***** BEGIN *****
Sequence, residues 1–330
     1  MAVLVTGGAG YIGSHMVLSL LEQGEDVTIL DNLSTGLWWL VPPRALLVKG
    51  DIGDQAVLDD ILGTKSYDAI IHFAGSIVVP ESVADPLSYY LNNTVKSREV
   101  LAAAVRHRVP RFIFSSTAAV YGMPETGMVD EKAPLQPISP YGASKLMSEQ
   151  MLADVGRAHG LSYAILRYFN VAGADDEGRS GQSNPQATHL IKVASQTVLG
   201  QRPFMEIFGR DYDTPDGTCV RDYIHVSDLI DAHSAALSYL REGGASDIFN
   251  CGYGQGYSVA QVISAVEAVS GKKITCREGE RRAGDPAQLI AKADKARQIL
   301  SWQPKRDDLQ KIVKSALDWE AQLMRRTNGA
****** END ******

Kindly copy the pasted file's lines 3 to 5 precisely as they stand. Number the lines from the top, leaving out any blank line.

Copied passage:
    51  DIGDQAVLDD ILGTKSYDAI IHFAGSIVVP ESVADPLSYY LNNTVKSREV
   101  LAAAVRHRVP RFIFSSTAAV YGMPETGMVD EKAPLQPISP YGASKLMSEQ
   151  MLADVGRAHG LSYAILRYFN VAGADDEGRS GQSNPQATHL IKVASQTVLG